$\begin{array}{l}\Delta {E}_{2}={\displaystyle \underset{{{\displaystyle n}}^{l}}{\sum}\frac{{I}_{1}^{{n}^{\prime},l+1}{e}^{2}}{{E}_{n,l}^{\left(0\right)}-{E}_{n,l+1}^{\left(0\right)}}}\left(\frac{1}{4}{\left|{V}_{x}-i{V}_{y}\right|}^{2}{a}_{l,m}^{2}+\frac{1}{4}{\left|{V}_{x}+i{V}_{y}\right|}^{2}{a}_{l,-m}^{2}+{\epsilon}_{z}^{2}{b}_{l,m}^{2}\right)\\ \text{\hspace{0.17em}}\text{\hspace{0.17em}}\text{\hspace{0.17em}}\text{\hspace{0.17em}}\text{\hspace{0.17em}}\text{\hspace{0.17em}}\text{\hspace{0.17em}}\text{\hspace{0.17em}}\text{\hspace{0.17em}}+{\displaystyle \underset{{{\displaystyle n}}^{l}}{\sum}\frac{{I}_{2}^{{n}^{\prime},l-1}{e}^{2}}{{E}_{n,l}^{\left(0\right)}-{E}_{n,l-1}^{\left(0\right)}}}\left(\frac{1}{4}{\left|{V}_{x}-i{V}_{y}\right|}^{2}{a}_{l-1,m-1}^{2}+\frac{1}{4}{\left|{V}_{x}+i{V}_{y}\right|}^{2}{a}_{l-1,m-1}^{2}+{\epsilon}_{z}^{2}{b}_{l-1,m}^{2}\right)\end{array}$ (11)

where ${I}_{1}^{{n}^{\prime},l+1}$, ${I}_{1}^{{n}^{\prime},l-1}$, ${a}_{l,m}$ and ${b}_{l,m}$ are according to [14] .

The photoluminescence spectra for the cases under consideration are calculated using the relation [15] :

$P\left(\omega ,{R}_{1},{R}_{2},p,t\right)={P}_{0}\cdot \hslash \omega \cdot H\left(\omega ,{R}_{1},{R}_{2},p,t\right)\cdot {\text{e}}^{\frac{\hslash \omega -{E}_{g}}{{K}_{b}\cdot T}}\cdot {\text{e}}^{\frac{0.5-{E}_{g}}{{K}_{b}\cdot T}}$ (12)

where *P*_{0} is a coefficient proportional to the square of the modulus of the matrix elements

All calculations were made numerically by the finite element method using mathematica 5.

3. Results and Discussions

Now, let us proceed to the results and discussions. Numerical calculations have been performed for the photoluminescence of (SLQDs). All needed parameters interring our numerical calculations were taken as a function of pressure and temperature for InAs. Let us consider the photoluminescence of (SLQDs) neglecting the interaction between the hole and electron within the framework of the regime of strong size quantization.

Figure 1 (left) represents the photoluminescence (in arbitrary units) versus the frequency of incident hole to electron transition 1h → 1e (in meV) at different value of temperatures (*T* = 100 K, 200 K, 300 K, 400 K), fixed values of inner radius (*R*_{1} = 300 Å), outer radius (*R*_{2} = 900 Å), pressure (*P* = 10 k∙bar) and different azimuthal numbers (*l** _{c}* = 1, 2, 3). From the figures, there was a red-shift in photoluminescence peak energy and a decrease in intensity with increasing temperature which attributed to the interaction of excitons with longitudinal acoustic phonons [2] . In addition to that, we notice that the increase in temperature has no effect on the band shape of the luminescence [9] . Also we see the photoluminescence peak energy increase with increasing the quantum azimuthal number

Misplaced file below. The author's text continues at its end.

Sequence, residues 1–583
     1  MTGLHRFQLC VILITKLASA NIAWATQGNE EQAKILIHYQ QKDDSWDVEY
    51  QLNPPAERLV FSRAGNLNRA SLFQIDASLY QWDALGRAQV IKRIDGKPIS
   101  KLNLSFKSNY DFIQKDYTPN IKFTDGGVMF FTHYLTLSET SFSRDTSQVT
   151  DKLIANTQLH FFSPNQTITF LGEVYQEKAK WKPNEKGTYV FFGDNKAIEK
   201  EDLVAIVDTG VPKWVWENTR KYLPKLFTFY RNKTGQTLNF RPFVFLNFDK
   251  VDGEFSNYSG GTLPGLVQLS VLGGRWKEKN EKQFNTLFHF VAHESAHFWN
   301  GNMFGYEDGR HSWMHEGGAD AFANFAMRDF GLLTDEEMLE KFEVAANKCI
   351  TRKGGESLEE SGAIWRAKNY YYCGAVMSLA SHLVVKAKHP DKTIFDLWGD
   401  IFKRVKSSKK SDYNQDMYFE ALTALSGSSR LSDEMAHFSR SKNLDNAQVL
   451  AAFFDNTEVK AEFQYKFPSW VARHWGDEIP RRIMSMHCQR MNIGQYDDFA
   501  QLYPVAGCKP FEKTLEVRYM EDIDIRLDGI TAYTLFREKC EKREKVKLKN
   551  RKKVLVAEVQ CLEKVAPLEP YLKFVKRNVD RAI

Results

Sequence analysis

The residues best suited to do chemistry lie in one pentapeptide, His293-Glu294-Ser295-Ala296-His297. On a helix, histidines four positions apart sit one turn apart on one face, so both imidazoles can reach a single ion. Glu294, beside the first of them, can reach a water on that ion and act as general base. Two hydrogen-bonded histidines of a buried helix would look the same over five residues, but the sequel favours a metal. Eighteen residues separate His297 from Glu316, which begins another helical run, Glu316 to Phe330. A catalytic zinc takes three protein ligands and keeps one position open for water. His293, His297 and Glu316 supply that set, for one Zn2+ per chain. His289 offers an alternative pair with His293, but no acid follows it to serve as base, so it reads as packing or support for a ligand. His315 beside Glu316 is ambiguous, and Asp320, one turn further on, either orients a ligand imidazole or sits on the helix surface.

The opposite picture appears for photoluminescence peak energy Figure 1 (right) where there was a blue-shift in photoluminescence peak energy with increasing pressure at fixed value of temperature (*T* = 4 K) which may be attributed to the energy dependencies on the applied pressure, where a change in the energy gap of InAs as a result of changing the applied pressure will exist lead to changing the Coulomb interaction energy as a result of an internal huge strain of the dot of InAs, which will change the electrons and holes quantization energies [12] . In addition to that Ref [13] showed that the interband emission energy increases when the hydrostatic pressure increases.

Figure 2 represents the photoluminescence (in arbitrary units) versus the

Figure 1. Photoluminescence (in arbitrary units) of InAs (SLQDs) versus the frequency of incident hole to electron transition 1 h → 1e (in meV) at fixed values of inner and outer radiuses (*R*_{1} & *R*_{2}) and different azimuthal numbers (*l** _{c}* = 1, 2, 3) for two cases (left) fixed value of pressure (

Figure 2. Represent the photoluminescence (in arbitrary units) versus the frequency of incident hole to electron transition 1h → 1e (in meV) at different value of electric field component (*e _{x}* = 0,

frequency of incident hole to electron transition 1h → 1e (in meV) at different value of electric field component (*e _{x}* = 0,

4. Conclusion

The photoluminescence spectra of SLQDs were investigated theoretically under the presence of external parameters (pressure, temperature, electric field), a red-shift in photoluminescence peak was observed as a result of existing both temperature and the applied electric field while a blue-shift in photoluminescence peak was observed in presence of applied hydrostatic pressure. In addition to that the quantum azimuthal number has a significant effect on photoluminescence peak energy. The study reveals the importance of such parameters in photoluminescence spectra as fitting parameters.

Highlights

· A red-shift in PL, EL peaks energy was observed with increasing both the temperature and the applied electric field while a blue-shift was observed in PL peak with increasing the hydrostatic pressure.

· The photoluminescence peak energy increase with increasing the quantum azimuthal number.

Conflicts of Interest

The author declares no conflicts of interest regarding the publication of this paper.